II. PARTIES CONTENTIONS

         a. MRA's Contentions

         MRA contends that Ms. Fender failed to identify any lead for which MRA received compensation from the State and MRA failed to compensate Ms. Fender. MRA produced a substantial amount of discovery in this case. As such, Ms. Fender cannot show a breach of contract and MRA is entitled to summary judgment.

         b. Ms. Fender's Contentions

         Ms. Fender argues that there are disputes as to material facts and that summary judgment is not appropriate. Ms. Fender states that she has not received any payment from MRA since February 1, 2016. However, MRA produced documents that show payments from the State to MRA since that time. Ms. Fender argues that the 2017 invoices discussed during the hearing for the Second Motion to Compel are actually old documents that were "automatically set to update the date upon opening."[31] Therefore, Ms. Fender argues there is a dispute as to material facts to the extent that MRA is claiming that there are any invoices from Fender post-dating January 15, 2016.

         Further, Ms. Fender argues that "there is circumstantial evidence showing that MRA was not honest saying it did not follow through on 1, 900 CCCH leads, including claiming that certain leads were not followed because they were over ten years old . . ., "[32] Ms. Fender states that the leads had significant reported income and there is "simply no good business reason why those potentially lucrative leads were not pursued."[33] As such, Ms. Fender argues that the Court should permit a jury to determine whether to believe MRA's assertion about not following leads.

          III. LEGAL STANDARD

         The standard of review on a motion for summary judgment is well-settled. The Court's principal function when considering a motion for summary judgment is to examine the record to determine whether genuine issues of material fact exist, "but not to decide such issues."[34]Summary judgment will be granted if, after viewing the record in a light most favorable to a nonmoving party, no genuine issues of material fact exist and the moving party is entitled to judgment as a matter of law.[35] If, however, the record reveals that material facts are in dispute, or if the factual record has not been developed thoroughly enough to allow the Court to apply the law to the factual record, then summary judgment will not be granted.[36]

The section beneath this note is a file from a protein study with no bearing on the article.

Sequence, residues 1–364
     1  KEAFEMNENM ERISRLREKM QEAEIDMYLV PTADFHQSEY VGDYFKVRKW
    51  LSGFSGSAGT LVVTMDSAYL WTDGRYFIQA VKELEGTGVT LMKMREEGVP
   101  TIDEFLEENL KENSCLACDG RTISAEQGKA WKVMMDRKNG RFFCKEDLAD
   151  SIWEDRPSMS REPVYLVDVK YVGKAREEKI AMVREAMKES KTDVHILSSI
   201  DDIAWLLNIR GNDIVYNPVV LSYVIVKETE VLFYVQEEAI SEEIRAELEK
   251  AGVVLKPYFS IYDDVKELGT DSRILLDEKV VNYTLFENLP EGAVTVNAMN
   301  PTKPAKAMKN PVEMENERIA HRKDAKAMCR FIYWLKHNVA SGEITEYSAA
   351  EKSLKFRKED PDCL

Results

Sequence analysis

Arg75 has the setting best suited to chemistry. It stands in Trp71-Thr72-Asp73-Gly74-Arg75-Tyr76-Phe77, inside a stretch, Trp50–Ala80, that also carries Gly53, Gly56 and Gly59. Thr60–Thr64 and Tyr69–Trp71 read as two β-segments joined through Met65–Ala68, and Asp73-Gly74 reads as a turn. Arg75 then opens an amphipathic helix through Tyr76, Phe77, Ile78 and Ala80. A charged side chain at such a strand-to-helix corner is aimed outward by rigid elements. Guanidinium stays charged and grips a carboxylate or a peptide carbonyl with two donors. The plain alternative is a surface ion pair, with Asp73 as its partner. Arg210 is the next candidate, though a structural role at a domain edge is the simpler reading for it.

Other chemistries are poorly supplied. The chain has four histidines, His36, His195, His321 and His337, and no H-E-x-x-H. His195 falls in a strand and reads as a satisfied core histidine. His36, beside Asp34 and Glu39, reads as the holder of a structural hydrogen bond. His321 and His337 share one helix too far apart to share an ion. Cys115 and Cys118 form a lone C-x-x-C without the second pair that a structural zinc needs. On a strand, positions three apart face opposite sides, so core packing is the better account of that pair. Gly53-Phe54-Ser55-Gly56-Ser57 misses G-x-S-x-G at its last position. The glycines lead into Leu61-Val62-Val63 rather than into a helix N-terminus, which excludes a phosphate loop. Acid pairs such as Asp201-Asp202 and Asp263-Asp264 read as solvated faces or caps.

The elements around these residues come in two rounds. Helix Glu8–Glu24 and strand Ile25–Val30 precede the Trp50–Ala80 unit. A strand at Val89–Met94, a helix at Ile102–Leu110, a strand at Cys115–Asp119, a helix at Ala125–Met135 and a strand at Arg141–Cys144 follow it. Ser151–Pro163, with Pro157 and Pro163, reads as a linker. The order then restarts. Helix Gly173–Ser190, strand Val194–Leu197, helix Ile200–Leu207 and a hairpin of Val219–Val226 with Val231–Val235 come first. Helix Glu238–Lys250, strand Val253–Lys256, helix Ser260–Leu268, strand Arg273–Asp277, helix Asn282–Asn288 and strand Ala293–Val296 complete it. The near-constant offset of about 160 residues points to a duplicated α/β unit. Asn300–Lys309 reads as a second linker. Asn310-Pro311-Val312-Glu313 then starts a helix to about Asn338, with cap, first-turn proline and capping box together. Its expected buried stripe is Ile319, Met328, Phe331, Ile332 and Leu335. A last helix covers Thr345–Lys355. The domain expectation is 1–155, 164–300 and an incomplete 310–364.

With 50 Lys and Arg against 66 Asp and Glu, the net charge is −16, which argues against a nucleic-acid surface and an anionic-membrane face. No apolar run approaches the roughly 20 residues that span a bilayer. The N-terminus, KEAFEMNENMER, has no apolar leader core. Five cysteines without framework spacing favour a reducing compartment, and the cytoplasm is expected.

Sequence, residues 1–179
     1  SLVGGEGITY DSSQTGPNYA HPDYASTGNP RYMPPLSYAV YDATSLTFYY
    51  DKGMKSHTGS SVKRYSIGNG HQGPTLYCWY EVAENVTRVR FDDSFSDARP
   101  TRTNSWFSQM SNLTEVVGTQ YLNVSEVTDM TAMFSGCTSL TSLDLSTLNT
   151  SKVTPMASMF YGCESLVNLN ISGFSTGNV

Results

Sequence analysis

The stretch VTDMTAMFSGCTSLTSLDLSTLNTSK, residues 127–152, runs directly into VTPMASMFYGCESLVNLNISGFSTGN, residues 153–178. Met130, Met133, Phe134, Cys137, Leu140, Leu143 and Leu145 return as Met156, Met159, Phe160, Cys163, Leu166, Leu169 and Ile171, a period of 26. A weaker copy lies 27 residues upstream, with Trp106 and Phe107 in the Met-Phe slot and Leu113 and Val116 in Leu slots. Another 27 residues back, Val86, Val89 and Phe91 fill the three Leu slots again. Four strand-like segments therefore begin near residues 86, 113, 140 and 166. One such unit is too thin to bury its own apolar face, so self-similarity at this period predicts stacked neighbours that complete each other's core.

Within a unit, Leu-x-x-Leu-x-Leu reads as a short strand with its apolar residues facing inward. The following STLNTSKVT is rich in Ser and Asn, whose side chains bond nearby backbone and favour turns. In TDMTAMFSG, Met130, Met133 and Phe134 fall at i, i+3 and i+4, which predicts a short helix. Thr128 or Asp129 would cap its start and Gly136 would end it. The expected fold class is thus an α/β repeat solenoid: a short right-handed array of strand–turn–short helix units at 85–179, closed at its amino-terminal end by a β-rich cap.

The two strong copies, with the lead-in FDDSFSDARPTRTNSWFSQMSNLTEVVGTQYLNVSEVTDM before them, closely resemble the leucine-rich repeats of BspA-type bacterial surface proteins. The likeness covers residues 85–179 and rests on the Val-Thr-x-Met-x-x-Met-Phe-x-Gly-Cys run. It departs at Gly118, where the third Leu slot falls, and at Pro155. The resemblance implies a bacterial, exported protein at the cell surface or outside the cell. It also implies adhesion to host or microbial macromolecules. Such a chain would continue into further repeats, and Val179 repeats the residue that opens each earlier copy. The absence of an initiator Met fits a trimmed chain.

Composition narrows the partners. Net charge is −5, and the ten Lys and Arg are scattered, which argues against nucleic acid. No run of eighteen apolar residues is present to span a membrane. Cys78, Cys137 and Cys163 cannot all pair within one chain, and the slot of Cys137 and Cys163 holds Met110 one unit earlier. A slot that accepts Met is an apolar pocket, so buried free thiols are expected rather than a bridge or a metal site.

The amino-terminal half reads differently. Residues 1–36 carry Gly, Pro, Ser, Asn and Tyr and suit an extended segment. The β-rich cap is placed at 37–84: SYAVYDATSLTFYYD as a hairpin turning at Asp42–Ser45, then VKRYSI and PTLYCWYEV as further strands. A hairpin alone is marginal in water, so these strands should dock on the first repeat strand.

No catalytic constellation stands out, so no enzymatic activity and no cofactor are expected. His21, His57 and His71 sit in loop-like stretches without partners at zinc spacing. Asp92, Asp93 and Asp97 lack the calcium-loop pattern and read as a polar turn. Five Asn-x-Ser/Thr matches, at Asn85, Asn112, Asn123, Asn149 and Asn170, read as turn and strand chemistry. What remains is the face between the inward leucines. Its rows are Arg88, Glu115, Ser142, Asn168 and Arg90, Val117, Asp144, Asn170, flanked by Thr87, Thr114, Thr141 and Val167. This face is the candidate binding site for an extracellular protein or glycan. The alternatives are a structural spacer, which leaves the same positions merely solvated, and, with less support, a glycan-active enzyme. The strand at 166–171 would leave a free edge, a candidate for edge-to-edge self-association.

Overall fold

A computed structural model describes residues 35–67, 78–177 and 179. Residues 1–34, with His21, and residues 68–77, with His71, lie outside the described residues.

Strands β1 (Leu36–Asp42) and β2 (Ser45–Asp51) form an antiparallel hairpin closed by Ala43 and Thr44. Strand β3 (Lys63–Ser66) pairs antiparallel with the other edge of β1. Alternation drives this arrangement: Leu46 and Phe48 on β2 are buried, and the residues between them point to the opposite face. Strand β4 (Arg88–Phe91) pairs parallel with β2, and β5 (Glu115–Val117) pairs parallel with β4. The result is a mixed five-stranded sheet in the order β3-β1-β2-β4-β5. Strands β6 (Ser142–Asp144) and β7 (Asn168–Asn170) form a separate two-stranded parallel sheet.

The moving party bears the initial burden of demonstrating that the undisputed facts support his claims or defenses.[37] If the motion is properly supported, then the burden shifts to the non-moving party to demonstrate that there are material issues of fact for the resolution by the ultimate fact-finder.[38]

         IV. DISCUSSION

         Under Delaware law, to prove a breach of contract claim, the plaintiff must show: (1) a contractual obligation; (2) a breach of that obligation; and (3) resulting damages.[39] A party harmed by a breach of contract is entitled to compensation that will place that party in the same position that the party would have been in if the other party had performed under the contract.[40]

          MRA has a contractual obligation to pay Ms. Fender where MRA receives money from the State relating to Ms. Fender's leads. The Parties dispute whether MRA breached that obligation. If MRA did breach the contractual obligation, then Ms. Fender suffered damages to the extent MRA failed to pay her for her leads.

         The core issue for the Motion is whether MRA paid Ms. Fender for all leads where MRA received money from the State or if there is a dispute of material fact. This is actually what this civil action is about. Ms. Fender states that she has not received any payment from MRA since February 1, 2016. Ms. Fender notes that MRA has not produced any checks written to Ms. Fender. Further, Ms. Fender states that she moved during or after her employment with ...